Established in 1967, Lycée Français de San Francisco (LFSF) offers a unique opportunity for young children to learn and grow in a truly international environment. LFSF operates on three campuses: primary and secondary schools in San Francisco, and a new, fully renovated preschool and primary school campus in Sausalito. From a very young age, students learn to express themselves as curious and motivated learners, exchanging cultural and linguistic perspectives within a rich and diverse student body representing 65 nationalities and 35 languages overall. You can learn more about the school and its programs at lelycee.org.
Please describe your school’s philosophy. What is it all about?
Rooted in the French national curriculum, with close ties to the French government and the AEFE worldwide network of French schools, LFSF teaches children by immersing its students in language and culture from day one. Non-francophones are able to integrate our classrooms though the kindergarten level.
Marin Mommies presents a guest article by dad, parenting coach, author, and co-creator of Studio Grow Tom Limbert. Learn more about him and how he helps parents and families at parentcoachtom.com.
Somewhere in a big room with a long table and a bunch of chairs, some guys decided the way to fix our failing education system in America was to cram all the curriculum down to younger children quicker and sooner. These visionaries went on to conclude that it would be a good idea to test all those children and, based on those results, reward some schools and penalize some teachers. Teachers felt the pressure so they taught more children faster. They needed those more children to be more ready when they started kindergarten in the first place. So parents felt the pressure and decided to hold most of their children back until they were “ready” for kindergarten. If you have a preschooler right now you know all too well about this pressure. Bet you’re stressed about whether your child will be ready. Hoping your school will bring him up to speed? Me too. But there’s plenty parents can be doing at home to help prepare their children for kindergarten.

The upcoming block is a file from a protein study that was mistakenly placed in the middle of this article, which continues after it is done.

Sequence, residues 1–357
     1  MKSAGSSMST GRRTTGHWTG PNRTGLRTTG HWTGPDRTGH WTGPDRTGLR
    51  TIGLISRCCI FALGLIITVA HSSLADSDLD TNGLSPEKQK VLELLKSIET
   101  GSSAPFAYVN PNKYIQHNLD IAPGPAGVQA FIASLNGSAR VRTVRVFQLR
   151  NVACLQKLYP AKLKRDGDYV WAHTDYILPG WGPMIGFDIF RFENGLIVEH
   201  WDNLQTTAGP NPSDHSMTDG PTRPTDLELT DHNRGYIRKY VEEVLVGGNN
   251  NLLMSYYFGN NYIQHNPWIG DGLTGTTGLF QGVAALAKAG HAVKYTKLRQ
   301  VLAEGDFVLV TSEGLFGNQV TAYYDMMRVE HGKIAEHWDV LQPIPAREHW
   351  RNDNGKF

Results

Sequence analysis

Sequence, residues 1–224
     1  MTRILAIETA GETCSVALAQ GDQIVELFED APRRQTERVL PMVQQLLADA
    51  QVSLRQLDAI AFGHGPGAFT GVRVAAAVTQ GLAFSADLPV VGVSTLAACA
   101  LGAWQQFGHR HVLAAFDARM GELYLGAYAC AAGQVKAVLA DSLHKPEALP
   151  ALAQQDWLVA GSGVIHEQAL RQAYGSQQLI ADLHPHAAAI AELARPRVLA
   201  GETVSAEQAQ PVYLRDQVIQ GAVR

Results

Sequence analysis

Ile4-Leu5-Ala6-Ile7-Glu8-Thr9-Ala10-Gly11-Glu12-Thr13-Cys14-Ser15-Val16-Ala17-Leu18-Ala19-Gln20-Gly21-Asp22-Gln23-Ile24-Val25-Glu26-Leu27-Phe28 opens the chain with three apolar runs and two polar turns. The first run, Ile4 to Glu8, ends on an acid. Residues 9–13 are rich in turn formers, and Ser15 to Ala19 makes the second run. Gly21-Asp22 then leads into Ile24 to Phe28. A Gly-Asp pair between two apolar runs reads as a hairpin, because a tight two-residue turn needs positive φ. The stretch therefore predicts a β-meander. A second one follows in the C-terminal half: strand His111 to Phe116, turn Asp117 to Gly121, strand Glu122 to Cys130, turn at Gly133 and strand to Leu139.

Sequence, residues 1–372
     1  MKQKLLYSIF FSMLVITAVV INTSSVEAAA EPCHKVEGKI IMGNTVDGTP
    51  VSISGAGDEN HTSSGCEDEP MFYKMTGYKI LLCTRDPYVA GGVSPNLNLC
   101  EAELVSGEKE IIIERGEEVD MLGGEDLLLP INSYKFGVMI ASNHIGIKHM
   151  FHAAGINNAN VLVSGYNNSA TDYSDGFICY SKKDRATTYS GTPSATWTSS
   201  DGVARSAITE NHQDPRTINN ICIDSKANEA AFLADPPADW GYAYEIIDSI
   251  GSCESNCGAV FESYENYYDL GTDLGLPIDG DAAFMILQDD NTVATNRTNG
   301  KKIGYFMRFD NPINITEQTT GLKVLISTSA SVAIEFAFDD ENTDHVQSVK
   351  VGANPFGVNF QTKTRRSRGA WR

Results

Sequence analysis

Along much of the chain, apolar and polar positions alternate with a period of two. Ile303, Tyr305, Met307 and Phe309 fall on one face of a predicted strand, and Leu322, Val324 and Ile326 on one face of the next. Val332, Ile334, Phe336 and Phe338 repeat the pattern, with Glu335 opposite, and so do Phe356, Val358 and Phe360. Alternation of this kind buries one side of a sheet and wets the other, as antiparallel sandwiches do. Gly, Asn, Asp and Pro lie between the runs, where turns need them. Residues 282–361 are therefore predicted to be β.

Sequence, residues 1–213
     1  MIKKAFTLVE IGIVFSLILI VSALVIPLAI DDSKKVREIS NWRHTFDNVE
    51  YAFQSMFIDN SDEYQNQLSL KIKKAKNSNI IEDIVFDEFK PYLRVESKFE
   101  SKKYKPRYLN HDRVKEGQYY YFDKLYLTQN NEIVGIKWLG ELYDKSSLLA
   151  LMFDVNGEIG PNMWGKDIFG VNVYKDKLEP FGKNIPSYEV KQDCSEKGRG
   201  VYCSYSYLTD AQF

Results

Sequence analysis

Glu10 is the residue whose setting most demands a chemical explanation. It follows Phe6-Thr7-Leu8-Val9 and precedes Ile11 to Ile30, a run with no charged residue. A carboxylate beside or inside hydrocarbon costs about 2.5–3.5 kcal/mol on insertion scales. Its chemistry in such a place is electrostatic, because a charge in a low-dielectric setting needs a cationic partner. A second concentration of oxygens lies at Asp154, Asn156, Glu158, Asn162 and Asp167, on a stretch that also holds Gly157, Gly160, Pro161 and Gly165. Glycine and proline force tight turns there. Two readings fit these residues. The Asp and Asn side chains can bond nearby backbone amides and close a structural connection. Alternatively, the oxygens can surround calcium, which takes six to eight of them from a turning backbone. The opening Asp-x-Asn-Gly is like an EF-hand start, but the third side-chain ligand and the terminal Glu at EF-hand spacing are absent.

Most parents immediately think of numbers, letters and colors when they think of early childhood education and kindergarten preparedness. But any preschool or kindergarten teacher will tell you, there’s much more to it. There are social and emotional elements that are much-less quantifiable than the cognitive aspects of development, but just as integral to a child’s performance in school. The good news is there are many ways you can help prepare your child for kindergarten in your home on a daily basis. You don’t even have to go out of your way really. Just be a bit more alert to learning opportunities. Keep in mind that in order for the machine that we prefer to call our schooling system to operate effectively, children will mostly have to be able to focus, follow directions and respect others.